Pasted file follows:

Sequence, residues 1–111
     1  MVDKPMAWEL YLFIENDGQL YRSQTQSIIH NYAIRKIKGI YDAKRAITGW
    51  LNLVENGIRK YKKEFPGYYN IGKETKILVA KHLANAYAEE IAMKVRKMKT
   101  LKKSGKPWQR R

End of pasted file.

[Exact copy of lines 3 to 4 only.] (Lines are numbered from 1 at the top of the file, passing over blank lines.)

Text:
    51  LNLVENGIRK YKKEFPGYYN IGKETKILVA KHLANAYAEE IAMKVRKMKT
   101  LKKSGKPWQR R